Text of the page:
On 21 May 2006, the people of Montenegro voted in favour of ditching their union with Serbia and becoming an independent state, thus ending the last remaining alliance of the former Yugoslavian states.
It’s a date that will go down in history in these parts and the referendum result means that this tiny Balkan region (about the same size as Northern Ireland) is set for an exciting period of progress in the near future, both in political and economic terms. And these big developments are widely expected to have a positive effect on the country’s property market.
One of the mains reasons that Montenegrins backed becoming an independent state is that they felt that association with Serbia was holding back the nation’s aspirations to join the EU. And it looks as if they were right – the European Union’s expansion commissioner, Olli Rehn, has already stated that he now hopes to speed up efforts to bring Montenegro into the EU, with an agreement over closer economic and political ties with Montenegro scheduled to be agreed by the end of the year.
But there are no cast-iron guarantees that Montenegro will be allowed to join the EU any time soon – especially considering that much of Eastern Europe is already queuing up to join the European alliance. Having said this, Montenegro isn’t sitting back and waiting on EU accession to start reaping the benefits of its stunning Mediterranean coastline, and the tourists are already being enticed to this beautiful spot in ever-increasing numbers. Visitor total s are going up year by year, and naturally overseas property investors are keen to tap into this burgeoning holiday hotspot.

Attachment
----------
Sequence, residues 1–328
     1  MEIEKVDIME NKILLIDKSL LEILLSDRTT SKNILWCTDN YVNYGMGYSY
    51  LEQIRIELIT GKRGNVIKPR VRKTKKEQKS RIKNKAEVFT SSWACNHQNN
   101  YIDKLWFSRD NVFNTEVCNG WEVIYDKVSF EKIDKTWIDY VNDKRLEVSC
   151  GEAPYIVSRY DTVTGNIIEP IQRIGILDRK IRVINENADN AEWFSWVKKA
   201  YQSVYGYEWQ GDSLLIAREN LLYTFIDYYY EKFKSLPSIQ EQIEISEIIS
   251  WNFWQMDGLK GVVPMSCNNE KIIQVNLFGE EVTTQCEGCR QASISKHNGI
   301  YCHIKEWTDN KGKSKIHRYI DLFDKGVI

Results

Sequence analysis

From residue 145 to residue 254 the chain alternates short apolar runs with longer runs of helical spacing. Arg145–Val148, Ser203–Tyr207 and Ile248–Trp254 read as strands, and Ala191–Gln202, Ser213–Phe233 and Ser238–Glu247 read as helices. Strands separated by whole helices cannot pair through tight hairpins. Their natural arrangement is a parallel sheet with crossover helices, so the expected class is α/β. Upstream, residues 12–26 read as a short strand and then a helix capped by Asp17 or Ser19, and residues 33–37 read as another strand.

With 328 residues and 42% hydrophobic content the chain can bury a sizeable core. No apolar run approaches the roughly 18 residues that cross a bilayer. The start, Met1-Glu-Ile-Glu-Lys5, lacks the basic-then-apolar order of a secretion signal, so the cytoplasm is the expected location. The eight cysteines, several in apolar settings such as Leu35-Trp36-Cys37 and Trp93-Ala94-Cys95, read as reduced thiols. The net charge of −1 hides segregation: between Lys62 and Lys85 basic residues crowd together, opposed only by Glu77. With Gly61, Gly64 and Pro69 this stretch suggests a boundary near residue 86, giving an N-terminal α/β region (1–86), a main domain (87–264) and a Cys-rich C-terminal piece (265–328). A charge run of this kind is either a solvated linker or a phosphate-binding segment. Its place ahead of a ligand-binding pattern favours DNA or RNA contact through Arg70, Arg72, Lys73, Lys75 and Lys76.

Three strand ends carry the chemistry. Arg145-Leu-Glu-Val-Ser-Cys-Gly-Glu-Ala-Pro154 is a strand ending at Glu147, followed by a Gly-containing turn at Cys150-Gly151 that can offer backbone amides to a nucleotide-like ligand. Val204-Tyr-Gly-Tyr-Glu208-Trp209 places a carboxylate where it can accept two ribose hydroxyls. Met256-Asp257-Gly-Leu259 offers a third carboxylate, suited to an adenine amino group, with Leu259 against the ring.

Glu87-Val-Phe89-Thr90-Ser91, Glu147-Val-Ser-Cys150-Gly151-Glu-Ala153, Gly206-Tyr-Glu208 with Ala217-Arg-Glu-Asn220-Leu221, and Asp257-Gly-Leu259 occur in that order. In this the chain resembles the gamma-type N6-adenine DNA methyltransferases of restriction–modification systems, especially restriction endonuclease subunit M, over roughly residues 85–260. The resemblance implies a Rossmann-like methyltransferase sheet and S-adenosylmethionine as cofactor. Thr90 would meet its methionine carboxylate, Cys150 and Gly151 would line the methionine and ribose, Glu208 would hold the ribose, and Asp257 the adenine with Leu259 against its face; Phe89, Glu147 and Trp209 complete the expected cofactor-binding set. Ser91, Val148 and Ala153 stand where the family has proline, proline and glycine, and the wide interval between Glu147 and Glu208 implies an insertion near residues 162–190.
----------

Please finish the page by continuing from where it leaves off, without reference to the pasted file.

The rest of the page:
There are currently a few purpose-built developments that are worth taking a look at, but it may also be worth considering picking up one of the stunning historic Montenegrin buildings that are on the cheap and getting your teeth into a renovation project. Stone-built ruins in need of complete restoration are going for as little as £15,000, while a recently built one bed apartment will cost from around £20,000.
It’s an exciting time for Montenegro and it won’t remain in the background for long.
Airports: Podgorica/Tivat (Montenegro)/Dubrovnik (Croatia)/Belgrade (Serbia)/Bari (Italy)